Ah, the album made famous by the “Rocky” films. Even if the title cut hadn’t appeared in “Rocky III,” it was still a good enough album to stand on its on. They tended to go more hard rock on this one.

5. When Seconds Count

A good album which continues down the melodic rock path began by its predecessor, “Vital Signs.” If I had been writing this post in 1986, it would have probably be one place lower but as I am mellowing with age, I can appreciate the musicianship quality of it. However, I haven’t mellowed that much and still prefer a good rock out.

4. Vital Signs

With “Vital Signs,” Survivor veer away from hard rock and head in a more progressive, melodic rock direction. The album proves that they did so with considerable ease. There are still a couple of great guitar solos on it.

3. Caught in the Game

This album passed me by in 1983, I blame it on being in the service. But when I listened to it, I had a very pleasant surprise. This is a really good hard rocking album with some of the best guitar solos.

2. Reach

After being away for nearly 20 years, Survivor’s comeback album in 2006 is fantastic. Cliche warning: it’s almost as if they had never been away. Having different vocalists on the songs gives the album a different perspective which works well. Plus it ends with a phenomenal power ballad.

1. Too Hot to Sleep

The members of Survivor do everything to their full potential here. Great vocals, guitar solos, keyboards and a great rhythm section. Even if studio musicians were brought in for the latter. There is some great rock to be had by all. Sometimes, I can’t understand why they waited 18 years after this one to record their next album.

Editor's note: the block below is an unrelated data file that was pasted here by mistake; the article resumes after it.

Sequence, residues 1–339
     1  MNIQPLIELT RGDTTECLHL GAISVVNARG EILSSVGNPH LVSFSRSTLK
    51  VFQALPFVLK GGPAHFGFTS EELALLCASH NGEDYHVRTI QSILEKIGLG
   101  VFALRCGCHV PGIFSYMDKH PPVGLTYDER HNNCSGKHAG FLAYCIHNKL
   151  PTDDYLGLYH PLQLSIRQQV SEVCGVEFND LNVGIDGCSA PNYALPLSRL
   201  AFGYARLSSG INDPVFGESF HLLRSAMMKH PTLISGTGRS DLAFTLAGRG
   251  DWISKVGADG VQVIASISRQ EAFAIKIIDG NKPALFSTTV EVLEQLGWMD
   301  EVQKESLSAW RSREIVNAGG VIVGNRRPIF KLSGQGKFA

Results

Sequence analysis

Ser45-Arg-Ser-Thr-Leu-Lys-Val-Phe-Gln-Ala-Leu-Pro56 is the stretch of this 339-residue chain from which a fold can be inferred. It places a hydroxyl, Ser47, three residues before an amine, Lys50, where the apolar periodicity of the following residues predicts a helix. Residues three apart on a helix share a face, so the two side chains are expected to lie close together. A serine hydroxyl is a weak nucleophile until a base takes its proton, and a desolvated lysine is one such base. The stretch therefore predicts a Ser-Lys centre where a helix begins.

So there you have it, my ranking of Survivor albums. As you can see, 2loud and I have differing opinions on this but that’s something a good band with so many good albums will produce. Everyone will have their favourites.

Great Rock Albums of 1988: All About Eve

Posted in 1980s, Heavy Metal, Music, Rock, Uncategorized with tags , , , , , , , , , on August 21, 2022 by 80smetalman

Here’s a prime example of how a mishap on a mainstream channel can have a permanent negative effect on an artist. In 1988, British gothic rock band All About Eve appeared on the British television show, “Top of the Pops,” to perform their song, “Martha’s Harbour,” which was number seven in the charts at the time. As my British readers can confirm, most “live” performances on the show were mimed. All About Eve was introduced and the song started playing. However, the feed didn’t reach singer Julianne Regan and guitarist Tim Bricheno. As a result, the two sat there with Julianne looking more fidgety waiting for the song to start. Fortunately, the technical difficulty was sorted halfway through the song and Julianne and Tim were able to mime to the finish. Unfortunately, All About Eve will be more remembered for this technical blunder not of their doing as opposed to their great debut album.

The problem with this album is that it came out at the wrong time. If it had come out five years earlier, it would have been much more successful. All About Eve takes progressive rock in the form of Marillion with and adds elements of hippy rock and more dark alternative elements and makes their own sound, a sound which I really like. The opener, “Flowers in Our Hair,” has a hard edge to it but the next two tracks are more progressive before slipping in the haunting ballad which is “Martha’s Harbour.” I love an album which can’t be pigeonholed and this one is definitely that. The great thing is that in spite of all the different elements, the album flows very nicely.